Subsequently, we applied the EAR normalization tool for the quantification of BDNF mRNA in the eight control participants analyzed in Figure Figure1,1, in which the messenger level of the neurotrophin is represented relative to GAPDH or β2M mRNA content. Figure Figure3d3d shows the median value of BDNF mRNA normalized over GAPDH (1), β2M (1.6), or EARs (0.55). As shown, the distribution of the BDNF mRNA values normalized to EARs is tighter with respect to the distribution of BDNF mRNA normalized to GAPDH or β2M mRNA, indicating that the EAR normalization strategy removes most of the non-specific variations arising from the use of an inappropriate internal reference gene.
The experiments described above prove the reliability of the EAR normalization strategy with respect to GeNorm as well as the efficiency of this new method with respect to normalization to a single housekeeping gene to measure BDNF mRNA levels in human blood.
To evaluate the reliability of the EAR normalization strategy with other, more blood-specific genes, we analyzed IL8 (interleukin-8) mRNA levels in blood from control participants. Validation of EAR normalization for cytokine quantification in blood might be particularly useful for measuring the balance between pro- and anti-inflammatory cytokines in chronic inflammatory disorders or autoimmune disease. Cytokine mRNA quantification is therefore of clinical relevance to immuno-monitoring and for the evaluation of the disease status in patients.
In our measurements of IL8 mRNA levels in ten control participants, normalized versus EARs and versus NF, the IL8 mRNA levels with the two different approaches were similar in single human samples; also, again, the similar median value obtained (Figure (Figure4b)4b) confirmed the result.
We concluded that EARs are a suitable normalization tool for gene expression study of cytokines in human blood.
Fast, sensitive, and accurate quantification in RT-qPCR analysis is a crucial tool not only for assessing mRNA in human blood but also for evaluating the levels of given molecules in tissues such as post-mortem human brain. In a previous study, we analyzed BDNF mRNA levels in 38 post-mortem human cortices from control participants and HD patients using GAPDH as the reference gene . The GAPDH gene is, in fact, one of the more commonly used reference genes in such analyses .
Here we tested whether GAPDH is a stable control gene for brain tissues versus EAR and whether normalization over EAR still confirms the finding of a robust reduction in BDNF mRNA in HD cortical samples over controls . To evaluate the efficiency of GAPDH, we used the same RNA as in Zuccato et al.  and performed a GeNorm analysis on six different reference genes. As shown in Figure Figure5a,5a, the ranking of the expression stability in these genes was (from most to least stable): GAPDH, YWHAZ, βACT, β2M, HPRT1, and GNB2L1. The M values of GAPDH were lower than 0.5, confirming that this gene is a stably expressed reference gene in human cortex and also validating the previously performed quantification of the BDNF mRNA in human HD samples versus controls . Using the same RNA, we next repeated the analysis of BDNF mRNA levels and used normalization to EARs or to GAPDH. Figure Figure5b5b shows that the BDNF mRNA level was lower in HD patients with respect to control participants (Mann-Whitney, P < 0.05, two-tailed test). These data demonstrate the efficiency of EAR normalization for quantifying a transcript of interest in other human tissues, such as cerebral cortex, that are normally subjected to a long post-mortem delay.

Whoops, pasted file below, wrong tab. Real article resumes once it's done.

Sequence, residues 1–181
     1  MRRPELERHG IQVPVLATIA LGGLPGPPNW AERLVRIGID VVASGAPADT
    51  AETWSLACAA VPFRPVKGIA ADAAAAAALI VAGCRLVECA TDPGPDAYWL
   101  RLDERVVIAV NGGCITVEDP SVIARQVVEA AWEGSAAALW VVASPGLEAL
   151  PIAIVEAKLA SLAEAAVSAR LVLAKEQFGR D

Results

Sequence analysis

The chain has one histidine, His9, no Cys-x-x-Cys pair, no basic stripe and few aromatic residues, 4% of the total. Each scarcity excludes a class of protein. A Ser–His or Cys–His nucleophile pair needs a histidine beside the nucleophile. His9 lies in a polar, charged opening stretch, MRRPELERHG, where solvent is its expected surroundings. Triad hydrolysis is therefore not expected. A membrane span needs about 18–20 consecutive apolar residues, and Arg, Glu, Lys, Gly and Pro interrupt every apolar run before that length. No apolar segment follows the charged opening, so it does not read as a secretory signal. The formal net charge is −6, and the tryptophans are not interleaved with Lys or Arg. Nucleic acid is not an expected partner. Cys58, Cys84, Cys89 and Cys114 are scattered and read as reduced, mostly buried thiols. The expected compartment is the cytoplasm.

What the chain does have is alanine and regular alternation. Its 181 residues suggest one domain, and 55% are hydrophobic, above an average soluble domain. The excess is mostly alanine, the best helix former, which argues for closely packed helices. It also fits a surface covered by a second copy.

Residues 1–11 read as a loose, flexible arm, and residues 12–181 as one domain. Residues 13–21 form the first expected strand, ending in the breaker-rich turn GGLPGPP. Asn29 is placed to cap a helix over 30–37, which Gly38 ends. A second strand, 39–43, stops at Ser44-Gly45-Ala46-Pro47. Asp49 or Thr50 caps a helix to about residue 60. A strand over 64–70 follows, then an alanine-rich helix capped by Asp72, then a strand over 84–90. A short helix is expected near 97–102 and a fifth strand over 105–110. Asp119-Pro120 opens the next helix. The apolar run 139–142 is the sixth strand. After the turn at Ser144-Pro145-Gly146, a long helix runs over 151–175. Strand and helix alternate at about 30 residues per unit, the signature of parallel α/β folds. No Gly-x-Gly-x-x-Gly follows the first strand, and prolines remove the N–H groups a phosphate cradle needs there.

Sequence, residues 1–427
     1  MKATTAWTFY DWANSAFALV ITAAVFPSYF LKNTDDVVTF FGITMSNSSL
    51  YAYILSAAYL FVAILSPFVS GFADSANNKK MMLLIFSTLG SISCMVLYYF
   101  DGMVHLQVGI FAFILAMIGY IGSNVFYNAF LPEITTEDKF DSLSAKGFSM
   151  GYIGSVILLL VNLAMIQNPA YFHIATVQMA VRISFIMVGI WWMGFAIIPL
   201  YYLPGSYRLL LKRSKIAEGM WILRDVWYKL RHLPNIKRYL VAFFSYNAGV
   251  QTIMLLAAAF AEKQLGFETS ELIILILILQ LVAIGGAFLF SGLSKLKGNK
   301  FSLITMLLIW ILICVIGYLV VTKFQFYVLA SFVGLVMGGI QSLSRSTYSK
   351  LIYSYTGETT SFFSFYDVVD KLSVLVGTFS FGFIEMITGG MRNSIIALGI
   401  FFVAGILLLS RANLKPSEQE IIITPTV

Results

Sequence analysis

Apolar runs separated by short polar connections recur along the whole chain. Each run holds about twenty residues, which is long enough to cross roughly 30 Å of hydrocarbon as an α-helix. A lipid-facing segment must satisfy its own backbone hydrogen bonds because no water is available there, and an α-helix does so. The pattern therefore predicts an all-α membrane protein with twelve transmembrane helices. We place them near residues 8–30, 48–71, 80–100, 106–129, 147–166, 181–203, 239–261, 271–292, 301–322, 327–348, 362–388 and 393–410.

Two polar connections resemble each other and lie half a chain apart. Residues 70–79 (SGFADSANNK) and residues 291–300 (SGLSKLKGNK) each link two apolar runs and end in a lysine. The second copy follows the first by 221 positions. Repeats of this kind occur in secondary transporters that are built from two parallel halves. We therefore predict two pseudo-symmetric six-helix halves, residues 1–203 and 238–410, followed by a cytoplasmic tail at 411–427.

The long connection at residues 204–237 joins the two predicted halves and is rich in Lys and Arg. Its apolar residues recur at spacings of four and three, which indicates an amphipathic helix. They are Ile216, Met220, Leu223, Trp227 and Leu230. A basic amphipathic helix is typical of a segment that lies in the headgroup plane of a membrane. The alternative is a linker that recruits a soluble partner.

Moreover, we extended the application of EAR normalization strategy to samples from skeletal muscle, an accessible tissue that responds to hormonal, metabolic and neural inputs. The muscle, therefore, is a reasonable tissue to examine for gene expression changes that might be turned into biomarkers for neurodegenerative diseases . In particular, we have analyzed the expression levels of TNN1C (troponin C type 1) mRNA, a stable gene expressed in the skeletal muscle. The GeNorm algorithm was applied to evaluate three more stable control genes expressed in human muscle. On the basis of our analyses, the ranking of the expression stability in these genes was (from most to least stable): GNB2L1, HPRT1, YWHAZ, β2M, GAPDH, and βACT (Figure (Figure6a).6a). As shown, the M values of GNB2L1, HPRT1, and YWHAZ were lower than 0.5; therefore, these genes were concluded to be stably expressed reference genes in human skeletal muscle. The NF value, used for normalization of RT-qPCR, was calculated based on the geometric mean of the expression levels of these three most stable control genes. Importantly, in our measurements of TNN1C mRNA levels in four control participants, normalized versus EARs and versus NF, the TNN1C mRNA levels with the two different approaches were overlapping in single human samples. Figure Figure6b6b also shows a similar median value between the two measurements.
The data described above show that, in addition to peripheral blood, the EAR normalization strategy can be applied to samples from human brain and skeletal muscle, implying that this method could be used for assessing different human samples.